If not all concerns are resolved after phase one, additional meetings can be held to mediate them. These meetings include both parents and may or may not include lawyers. The children may also be interviewed. All information brought up during the mediation is confidential and cannot be used in court.

The feedback presented to the parents by the First Choice team in phase one is given, in writing, to the Family Court judge. The team also provides a notification that a parenting agreement has been reached, or the team's recommendations and options for resolving the conflict.

The pilot project's goal is to have the assessment and mediation completed within three to four sessions. The first session typically takes up to three hours, but subsequent sessions may average 60-90 minutes depending on individual circumstances with the full process completed within 30 - 35 working days from the first session.

First Choice can also provide follow-up mediation assistance to help families resolve issues that subsequently arise.

First Choice was launched in Winnipeg as a pilot project in August 2008 to offer mediation and information services to families experiencing separation and divorce.

Ongoing pilot project

  • assessment
  • evaluation
  • family law
  • government
  • mediation
  • pilot projects
Date Event
2008 Manitoba First Choice Dispute Resolution Pilot Project

Manitoba

Family Conciliation, Manitoba Department of Family Services and Housing

A Government of Manitoba pilot project offering mediation and information services to families experiencing separation and divorce.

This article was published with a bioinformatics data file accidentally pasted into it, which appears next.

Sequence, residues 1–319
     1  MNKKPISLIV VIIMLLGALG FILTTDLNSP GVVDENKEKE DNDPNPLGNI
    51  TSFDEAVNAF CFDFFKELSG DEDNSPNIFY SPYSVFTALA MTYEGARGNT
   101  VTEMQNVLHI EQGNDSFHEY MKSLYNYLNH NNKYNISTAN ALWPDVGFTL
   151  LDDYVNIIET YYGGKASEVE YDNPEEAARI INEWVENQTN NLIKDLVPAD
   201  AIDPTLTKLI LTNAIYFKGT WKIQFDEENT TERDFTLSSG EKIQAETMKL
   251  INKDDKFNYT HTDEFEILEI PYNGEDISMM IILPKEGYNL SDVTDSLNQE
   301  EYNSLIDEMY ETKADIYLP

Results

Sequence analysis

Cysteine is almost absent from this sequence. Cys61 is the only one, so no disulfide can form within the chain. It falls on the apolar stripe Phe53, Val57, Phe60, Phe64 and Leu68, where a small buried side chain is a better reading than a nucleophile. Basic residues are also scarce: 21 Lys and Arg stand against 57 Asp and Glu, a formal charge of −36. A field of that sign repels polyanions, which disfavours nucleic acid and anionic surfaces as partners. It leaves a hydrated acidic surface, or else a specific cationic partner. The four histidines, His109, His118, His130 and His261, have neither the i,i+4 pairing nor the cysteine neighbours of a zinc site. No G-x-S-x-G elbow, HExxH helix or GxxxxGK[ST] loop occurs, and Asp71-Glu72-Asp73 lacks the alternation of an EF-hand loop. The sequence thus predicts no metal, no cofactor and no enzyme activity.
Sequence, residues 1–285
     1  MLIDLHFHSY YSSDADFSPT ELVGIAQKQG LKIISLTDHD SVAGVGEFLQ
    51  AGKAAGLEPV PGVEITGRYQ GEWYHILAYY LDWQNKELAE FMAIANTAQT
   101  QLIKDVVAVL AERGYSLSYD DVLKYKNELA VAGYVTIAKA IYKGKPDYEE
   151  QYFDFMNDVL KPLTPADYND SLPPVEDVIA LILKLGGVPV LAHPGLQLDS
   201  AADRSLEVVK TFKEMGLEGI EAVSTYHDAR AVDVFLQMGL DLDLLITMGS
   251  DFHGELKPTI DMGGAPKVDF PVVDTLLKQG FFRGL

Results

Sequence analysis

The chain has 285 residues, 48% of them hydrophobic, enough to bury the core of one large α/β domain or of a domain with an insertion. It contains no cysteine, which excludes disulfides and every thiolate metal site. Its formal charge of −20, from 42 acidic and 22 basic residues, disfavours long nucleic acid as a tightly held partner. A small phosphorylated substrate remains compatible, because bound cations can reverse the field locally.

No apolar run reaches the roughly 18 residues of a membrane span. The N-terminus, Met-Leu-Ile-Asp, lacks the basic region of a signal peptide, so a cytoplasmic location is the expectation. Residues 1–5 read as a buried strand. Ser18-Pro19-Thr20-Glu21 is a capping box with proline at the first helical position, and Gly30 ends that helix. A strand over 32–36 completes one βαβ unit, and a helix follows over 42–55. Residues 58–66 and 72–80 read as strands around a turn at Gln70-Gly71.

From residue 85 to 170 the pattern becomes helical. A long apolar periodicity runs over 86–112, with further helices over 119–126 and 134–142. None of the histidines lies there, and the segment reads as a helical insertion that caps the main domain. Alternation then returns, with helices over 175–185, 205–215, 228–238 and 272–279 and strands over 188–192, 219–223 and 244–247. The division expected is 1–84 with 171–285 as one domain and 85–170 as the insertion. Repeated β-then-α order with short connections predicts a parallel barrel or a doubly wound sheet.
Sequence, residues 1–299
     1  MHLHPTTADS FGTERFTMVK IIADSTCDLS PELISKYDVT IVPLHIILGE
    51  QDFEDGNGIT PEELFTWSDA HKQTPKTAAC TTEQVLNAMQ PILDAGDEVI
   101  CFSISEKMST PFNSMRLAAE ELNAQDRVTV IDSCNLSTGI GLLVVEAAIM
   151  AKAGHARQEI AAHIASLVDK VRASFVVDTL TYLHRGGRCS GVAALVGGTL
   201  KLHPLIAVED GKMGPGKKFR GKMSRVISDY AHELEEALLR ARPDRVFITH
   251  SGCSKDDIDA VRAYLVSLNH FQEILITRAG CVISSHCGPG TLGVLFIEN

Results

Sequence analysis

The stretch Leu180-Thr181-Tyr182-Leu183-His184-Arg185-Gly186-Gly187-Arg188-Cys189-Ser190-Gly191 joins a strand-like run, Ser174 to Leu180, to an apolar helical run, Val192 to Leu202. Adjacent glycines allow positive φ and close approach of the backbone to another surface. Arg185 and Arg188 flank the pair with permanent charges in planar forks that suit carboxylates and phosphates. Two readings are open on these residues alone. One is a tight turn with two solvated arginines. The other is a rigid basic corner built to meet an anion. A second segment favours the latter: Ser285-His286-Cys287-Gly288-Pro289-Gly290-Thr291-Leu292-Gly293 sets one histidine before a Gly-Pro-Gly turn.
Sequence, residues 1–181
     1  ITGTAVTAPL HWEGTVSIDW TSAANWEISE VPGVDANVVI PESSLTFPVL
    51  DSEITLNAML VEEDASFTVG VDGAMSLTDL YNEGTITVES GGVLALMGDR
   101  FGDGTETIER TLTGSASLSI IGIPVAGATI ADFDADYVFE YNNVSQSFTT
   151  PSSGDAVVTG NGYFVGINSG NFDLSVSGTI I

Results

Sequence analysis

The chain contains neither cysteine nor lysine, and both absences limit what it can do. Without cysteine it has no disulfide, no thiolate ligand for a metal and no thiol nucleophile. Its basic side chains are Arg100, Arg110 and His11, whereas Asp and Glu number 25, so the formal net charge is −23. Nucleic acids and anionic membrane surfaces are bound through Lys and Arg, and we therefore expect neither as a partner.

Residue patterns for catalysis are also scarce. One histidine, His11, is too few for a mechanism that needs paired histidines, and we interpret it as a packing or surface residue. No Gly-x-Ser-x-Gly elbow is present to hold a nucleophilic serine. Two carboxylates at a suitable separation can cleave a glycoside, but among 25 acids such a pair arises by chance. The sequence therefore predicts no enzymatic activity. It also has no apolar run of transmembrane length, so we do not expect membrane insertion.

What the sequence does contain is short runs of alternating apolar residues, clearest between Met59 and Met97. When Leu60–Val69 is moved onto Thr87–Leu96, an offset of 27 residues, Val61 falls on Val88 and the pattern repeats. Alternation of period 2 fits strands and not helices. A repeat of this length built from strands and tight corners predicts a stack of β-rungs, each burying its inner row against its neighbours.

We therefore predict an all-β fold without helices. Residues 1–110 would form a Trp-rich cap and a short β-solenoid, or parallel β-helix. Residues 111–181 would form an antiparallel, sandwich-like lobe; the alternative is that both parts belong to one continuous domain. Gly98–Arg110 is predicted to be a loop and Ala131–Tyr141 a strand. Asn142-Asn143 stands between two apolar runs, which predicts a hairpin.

First Choice has been developed to help parents understand the likely outcome of a traditional court-ordered assessment. The Family Court can refer parents and other family members, (hereinafter called "parent") who are having trouble reaching agreement on custody, access and private guardianship issues. First Choice can also provide follow-up assistance to the families it served, to address subsequent issues and concerns.

The First Choice pilot project involves two distinct phases:

 

1. Assessment Phase:

As soon as possible after the referral is made to Family Conciliation, both parents and possibly their lawyers, meet with a First Choice team. Each team has a male and female counsellor, experienced in evaluation and mediation. Both parents have the opportunity to describe their view of the family situation and state what they are hoping for from the court.

After the team has heard both parents and asked questions, there is a break while the team meets to discuss the case. The team then presents their opinion about what a court-ordered assessment would likely recommend, based on the parties' particular circumstances. Both parents have an opportunity to review the information with their lawyers. If a party's lawyer is not present at the assessment, the party can call their lawyer. This is arranged by the counselling team.
 

2. Mediation Phase:

If not all concerns are resolved after phase one, additional meetings can be held to mediate them. These meetings include both parents and may or may not include lawyers. The children may also be interviewed. All information brought up during the mediation is confidential and cannot be used in court.